Some people think that the model is the product. It is not. It is an enabling technology that allows new products to be built. The breakthrough products will be AI-native, built on these models from day one, by entrepreneurs who understand both what the models can do, and what people actually want to use.
The universe of applications is vast and extends across generative modalities (e.g. video, image, code) and use cases (e.g. copywriters, video editing). As many of these applications reach scale, the specter of foundational models moving upstream looms large. As the foundational model layer consolidates, what are the barriers to them capturing the product-level value? There’s an argument to be made that ChatGPT already obviates Jasper’s core product to some extent. It’s plausible that the hypergrowth of the applications is masking leaky retention. Jasper’s margins are estimated at 60%, but this is certainly on the upper end for application layer companies.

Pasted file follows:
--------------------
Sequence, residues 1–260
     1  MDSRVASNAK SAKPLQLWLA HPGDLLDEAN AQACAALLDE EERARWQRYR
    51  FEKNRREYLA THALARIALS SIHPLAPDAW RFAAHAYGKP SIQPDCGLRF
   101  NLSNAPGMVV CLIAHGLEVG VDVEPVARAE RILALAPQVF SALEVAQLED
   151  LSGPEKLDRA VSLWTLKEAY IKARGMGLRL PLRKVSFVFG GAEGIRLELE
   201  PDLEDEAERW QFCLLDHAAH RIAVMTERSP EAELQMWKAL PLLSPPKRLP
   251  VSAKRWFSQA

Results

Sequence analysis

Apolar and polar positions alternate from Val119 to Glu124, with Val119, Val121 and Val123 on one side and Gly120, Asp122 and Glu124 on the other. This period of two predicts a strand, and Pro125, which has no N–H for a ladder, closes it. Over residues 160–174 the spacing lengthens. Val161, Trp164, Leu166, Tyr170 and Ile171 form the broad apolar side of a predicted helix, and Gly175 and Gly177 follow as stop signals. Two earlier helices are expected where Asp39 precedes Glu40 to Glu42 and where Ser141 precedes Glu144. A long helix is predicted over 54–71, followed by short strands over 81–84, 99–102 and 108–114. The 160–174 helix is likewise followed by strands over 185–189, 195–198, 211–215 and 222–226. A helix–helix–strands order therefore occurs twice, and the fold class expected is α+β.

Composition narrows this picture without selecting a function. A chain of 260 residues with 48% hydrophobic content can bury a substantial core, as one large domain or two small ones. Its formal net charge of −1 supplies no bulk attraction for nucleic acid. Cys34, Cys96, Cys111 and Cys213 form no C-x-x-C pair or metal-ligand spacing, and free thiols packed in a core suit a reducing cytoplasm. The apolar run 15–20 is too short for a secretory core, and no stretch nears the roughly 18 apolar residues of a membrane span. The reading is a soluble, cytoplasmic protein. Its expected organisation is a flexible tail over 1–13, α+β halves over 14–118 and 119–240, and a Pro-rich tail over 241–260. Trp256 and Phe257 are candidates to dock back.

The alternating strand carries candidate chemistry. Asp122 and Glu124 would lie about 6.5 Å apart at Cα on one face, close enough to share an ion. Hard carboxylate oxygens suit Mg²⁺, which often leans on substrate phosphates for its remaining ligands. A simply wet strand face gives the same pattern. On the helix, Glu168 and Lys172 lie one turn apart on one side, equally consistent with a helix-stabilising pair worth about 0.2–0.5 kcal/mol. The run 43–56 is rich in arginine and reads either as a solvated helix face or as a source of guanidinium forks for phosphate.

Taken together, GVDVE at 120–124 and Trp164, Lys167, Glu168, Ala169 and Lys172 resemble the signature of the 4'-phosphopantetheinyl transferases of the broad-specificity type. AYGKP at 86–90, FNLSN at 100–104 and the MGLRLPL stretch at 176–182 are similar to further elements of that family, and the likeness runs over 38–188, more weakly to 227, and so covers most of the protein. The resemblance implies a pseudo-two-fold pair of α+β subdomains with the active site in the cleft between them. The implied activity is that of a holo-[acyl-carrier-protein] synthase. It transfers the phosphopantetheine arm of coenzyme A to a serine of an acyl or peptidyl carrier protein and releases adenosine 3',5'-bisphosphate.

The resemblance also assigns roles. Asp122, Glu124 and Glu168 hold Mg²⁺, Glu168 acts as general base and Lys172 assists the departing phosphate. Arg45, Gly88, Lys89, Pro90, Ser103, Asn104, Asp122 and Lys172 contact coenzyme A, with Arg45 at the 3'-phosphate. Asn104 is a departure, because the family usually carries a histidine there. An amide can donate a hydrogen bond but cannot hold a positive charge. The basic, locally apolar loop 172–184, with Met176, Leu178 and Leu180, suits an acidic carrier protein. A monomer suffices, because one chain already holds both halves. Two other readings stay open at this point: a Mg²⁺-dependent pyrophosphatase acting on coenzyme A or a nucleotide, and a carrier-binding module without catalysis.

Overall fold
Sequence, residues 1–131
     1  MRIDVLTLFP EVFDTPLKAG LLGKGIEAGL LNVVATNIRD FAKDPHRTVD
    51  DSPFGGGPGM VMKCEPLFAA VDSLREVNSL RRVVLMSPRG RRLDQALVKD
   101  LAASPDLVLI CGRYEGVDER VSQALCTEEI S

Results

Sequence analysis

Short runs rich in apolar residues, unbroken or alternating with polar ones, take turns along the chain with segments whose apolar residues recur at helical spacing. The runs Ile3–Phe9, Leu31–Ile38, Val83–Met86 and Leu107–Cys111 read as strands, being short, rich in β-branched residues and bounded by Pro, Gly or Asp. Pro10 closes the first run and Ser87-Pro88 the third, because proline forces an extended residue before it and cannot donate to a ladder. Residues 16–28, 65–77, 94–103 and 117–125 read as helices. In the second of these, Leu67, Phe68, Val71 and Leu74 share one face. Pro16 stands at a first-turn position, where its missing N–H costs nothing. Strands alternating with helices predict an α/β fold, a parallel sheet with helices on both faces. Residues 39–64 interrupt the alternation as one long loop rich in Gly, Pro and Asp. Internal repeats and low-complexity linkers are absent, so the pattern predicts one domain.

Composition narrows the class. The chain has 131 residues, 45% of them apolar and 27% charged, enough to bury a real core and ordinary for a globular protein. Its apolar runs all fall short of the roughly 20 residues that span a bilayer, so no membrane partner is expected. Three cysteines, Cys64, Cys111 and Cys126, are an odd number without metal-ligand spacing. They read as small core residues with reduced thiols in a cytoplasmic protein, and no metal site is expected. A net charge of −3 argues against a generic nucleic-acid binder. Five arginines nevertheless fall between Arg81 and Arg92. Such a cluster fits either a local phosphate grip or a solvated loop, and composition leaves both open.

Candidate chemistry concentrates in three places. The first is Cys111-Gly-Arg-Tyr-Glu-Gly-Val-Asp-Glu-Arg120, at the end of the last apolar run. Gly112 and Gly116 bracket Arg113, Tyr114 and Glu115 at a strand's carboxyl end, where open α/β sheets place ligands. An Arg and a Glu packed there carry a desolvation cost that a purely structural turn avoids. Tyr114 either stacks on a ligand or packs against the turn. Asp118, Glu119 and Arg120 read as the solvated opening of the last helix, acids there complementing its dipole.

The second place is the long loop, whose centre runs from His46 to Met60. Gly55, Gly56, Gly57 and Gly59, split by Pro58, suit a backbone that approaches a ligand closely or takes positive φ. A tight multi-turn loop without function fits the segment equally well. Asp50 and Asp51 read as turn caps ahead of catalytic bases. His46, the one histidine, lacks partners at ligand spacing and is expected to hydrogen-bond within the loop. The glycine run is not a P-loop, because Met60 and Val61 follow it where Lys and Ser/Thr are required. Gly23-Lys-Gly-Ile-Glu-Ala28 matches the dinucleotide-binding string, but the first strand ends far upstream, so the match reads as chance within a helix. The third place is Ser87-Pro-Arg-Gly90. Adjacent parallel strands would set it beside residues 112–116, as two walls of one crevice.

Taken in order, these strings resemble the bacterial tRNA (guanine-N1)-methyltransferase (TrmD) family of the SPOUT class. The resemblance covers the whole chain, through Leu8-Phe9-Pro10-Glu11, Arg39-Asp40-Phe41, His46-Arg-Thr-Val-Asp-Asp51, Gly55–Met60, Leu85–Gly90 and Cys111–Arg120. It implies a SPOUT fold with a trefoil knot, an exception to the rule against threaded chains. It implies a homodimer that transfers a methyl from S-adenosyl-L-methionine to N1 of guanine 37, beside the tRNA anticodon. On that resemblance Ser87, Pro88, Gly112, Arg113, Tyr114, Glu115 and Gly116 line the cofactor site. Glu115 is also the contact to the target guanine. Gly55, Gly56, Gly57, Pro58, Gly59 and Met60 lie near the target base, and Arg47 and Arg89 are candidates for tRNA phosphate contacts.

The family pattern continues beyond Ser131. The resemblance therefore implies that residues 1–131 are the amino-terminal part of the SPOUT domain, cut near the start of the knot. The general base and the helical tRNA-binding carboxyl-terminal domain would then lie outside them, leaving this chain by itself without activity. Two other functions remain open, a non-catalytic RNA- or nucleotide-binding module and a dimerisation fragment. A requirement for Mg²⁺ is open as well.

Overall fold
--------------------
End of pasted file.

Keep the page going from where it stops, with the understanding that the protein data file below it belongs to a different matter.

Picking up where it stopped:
On the chessboard, the foundational model and application layers are the most likely to become adversarial when it comes to value capture in the very long-run (even though the TAM attributable to AI is likely to sustain a healthy symbiosis in the interim). Foundational model companies, having expended such significant capex to improve their models, would argue they are better positioned to move upstream than the applications in-sourcing the models and reaching anywhere near performance-parity.
Several application layer companies have already attempted to own their models. RunwayML brought attention to their positioning as a full stack AI company in their most recent funding round (the co-founder of RunwayML was a key contributor to Stability.ai’s models) and Descript acquired Lyrebird to become their AI research division, starting with their Text-to-Speech product, Overdub.